The second key sessions for the leadership team were facilitated around the challenges of governance. The leadership team mapped a robust view of their landscape, including external stakeholders and influencing factors on the teams, and developed a set of principles to inform the governance of the portfolio. The leaders co-created the governance values that would inform decision-making across the business unit.
David said, “What surprised me was how quickly they came to a quality outcome; how robust the governance values were; and how they’ve stood the test of time since the workshop. In 90 minutes, they were able to generate principles that inform every decision made in this context.”
3. Workflow / cadences, including alignment on metrics and data
Developing the workflow and cadences followed. This session focused on helping the team understand what success meant for them and how to recognise it using specific measures. Having established a workflow, it was vital to design the operational cadence necessary to track the work. This involved determining ways to plan, review and refine their work. On top of these arrangements, the leadership agreed to institute a fortnightly meeting, across the division, with a focus on exploring metrics and resolving dependencies between teams.
4. Decision design and team interaction
The final leadership session centred on decision-making and understanding the complex nature of how the teams interacted. To protect the time of their teams, the leaders needed clarity on how to structure decisions so that work could flow. Using agile Governance Values, the leadership team decomposed their decisions, which allowed low-risk decisions to be decentralised, increasing each team’s speed.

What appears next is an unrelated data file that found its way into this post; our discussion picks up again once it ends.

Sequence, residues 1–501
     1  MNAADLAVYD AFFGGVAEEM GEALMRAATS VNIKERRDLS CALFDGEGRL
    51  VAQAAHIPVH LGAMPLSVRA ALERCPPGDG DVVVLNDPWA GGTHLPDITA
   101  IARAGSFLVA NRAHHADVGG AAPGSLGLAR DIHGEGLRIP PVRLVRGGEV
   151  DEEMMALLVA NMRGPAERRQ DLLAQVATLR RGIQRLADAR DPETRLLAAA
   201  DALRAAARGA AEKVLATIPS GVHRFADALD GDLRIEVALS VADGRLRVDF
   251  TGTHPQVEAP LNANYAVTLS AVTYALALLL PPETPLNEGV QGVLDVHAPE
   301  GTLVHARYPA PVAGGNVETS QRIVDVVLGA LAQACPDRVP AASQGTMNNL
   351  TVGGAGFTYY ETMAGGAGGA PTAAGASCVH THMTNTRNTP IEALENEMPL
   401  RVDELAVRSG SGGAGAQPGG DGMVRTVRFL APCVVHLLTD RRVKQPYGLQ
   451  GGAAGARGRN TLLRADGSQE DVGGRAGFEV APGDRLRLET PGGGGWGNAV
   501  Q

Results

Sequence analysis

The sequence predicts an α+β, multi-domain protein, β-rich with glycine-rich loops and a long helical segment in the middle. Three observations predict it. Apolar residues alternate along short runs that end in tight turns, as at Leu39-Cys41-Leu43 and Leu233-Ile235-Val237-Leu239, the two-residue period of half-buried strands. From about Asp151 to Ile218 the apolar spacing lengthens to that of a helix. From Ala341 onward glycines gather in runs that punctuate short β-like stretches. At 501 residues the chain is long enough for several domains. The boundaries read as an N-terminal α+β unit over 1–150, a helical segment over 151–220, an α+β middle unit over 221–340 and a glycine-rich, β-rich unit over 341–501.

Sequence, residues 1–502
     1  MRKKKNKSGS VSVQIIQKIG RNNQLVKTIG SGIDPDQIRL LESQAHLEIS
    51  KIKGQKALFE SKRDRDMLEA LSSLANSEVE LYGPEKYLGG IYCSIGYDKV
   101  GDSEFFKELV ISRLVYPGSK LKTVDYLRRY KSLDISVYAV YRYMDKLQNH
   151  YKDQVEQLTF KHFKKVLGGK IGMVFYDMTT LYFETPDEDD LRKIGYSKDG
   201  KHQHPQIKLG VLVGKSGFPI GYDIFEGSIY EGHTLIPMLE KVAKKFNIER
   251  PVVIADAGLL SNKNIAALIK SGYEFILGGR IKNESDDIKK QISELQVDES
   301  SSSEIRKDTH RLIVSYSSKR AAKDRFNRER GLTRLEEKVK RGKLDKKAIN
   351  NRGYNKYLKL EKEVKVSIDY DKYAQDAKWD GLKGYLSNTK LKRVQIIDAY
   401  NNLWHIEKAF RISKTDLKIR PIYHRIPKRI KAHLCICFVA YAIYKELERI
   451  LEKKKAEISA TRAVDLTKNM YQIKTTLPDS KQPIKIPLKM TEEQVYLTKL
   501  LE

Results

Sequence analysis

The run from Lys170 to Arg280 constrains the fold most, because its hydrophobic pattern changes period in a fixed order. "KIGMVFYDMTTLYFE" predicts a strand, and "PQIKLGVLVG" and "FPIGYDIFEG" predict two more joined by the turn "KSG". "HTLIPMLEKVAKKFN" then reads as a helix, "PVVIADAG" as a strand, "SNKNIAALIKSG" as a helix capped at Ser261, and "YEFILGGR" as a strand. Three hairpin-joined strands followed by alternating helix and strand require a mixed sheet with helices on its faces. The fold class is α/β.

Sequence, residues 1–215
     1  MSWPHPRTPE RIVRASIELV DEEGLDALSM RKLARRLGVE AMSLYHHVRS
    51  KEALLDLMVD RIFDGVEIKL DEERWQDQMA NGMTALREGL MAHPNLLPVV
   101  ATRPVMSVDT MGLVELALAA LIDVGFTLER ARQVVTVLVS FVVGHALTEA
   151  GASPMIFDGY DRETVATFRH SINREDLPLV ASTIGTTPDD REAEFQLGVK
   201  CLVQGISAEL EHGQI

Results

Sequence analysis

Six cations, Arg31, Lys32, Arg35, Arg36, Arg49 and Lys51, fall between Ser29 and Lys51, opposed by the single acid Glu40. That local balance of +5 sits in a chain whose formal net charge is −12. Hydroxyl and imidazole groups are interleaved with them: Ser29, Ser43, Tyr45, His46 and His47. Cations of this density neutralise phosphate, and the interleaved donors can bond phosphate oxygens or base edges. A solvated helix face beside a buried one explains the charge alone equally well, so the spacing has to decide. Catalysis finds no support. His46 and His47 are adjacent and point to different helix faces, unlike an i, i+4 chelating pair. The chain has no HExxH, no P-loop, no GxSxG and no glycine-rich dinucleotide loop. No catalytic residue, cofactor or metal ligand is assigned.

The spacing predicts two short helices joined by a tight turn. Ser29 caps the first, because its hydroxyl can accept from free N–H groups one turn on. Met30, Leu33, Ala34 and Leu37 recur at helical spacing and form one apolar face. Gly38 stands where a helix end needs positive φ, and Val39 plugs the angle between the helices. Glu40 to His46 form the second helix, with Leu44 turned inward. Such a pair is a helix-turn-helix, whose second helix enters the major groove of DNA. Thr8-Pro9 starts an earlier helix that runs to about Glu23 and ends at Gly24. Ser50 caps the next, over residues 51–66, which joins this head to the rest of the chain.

According to David, “My goal was to surface the spaghetti, so they could see all the complex interactions. To make better use of their time, we used the Event Planning Canvas to fold managing those interactions into their cadence.”
In total, Elabor8 spent six hours over four weeks with leadership creating a custom ‘ways of working’ model. In parallel to the leadership workshops, Elabor8 also facilitated three team launches. The team launches inherited content from the leadership workshops, enabling autonomy, while assuring consistency.
Each session provided a platform for teams to be transparent and align on how they were going to pursue continued growth. Leaders gained clarity and alignment on major pain points like shared purpose and values, governance, decision-making and risk, dependency, and impediment management.
David points out, “What worked so well was we weren’t just taking a process off a shelf and forcing an organisation into using it. We utilised something that’s a bit like the Scrum of Scrums from SAFe®, something else that’s like a Kanban board, and so on. But it was all very specific to how they work and how they needed to work.”
Building an agile way of working that’s specific to a particular workforce really lowers any resistance to change. They can see how it’s going to help them do their job rather than resenting a cookie-cutter solution being forced upon them. In fact, following the initial four-week engagement, the company invested in a program to embed the model and scale it outwards throughout the organisation.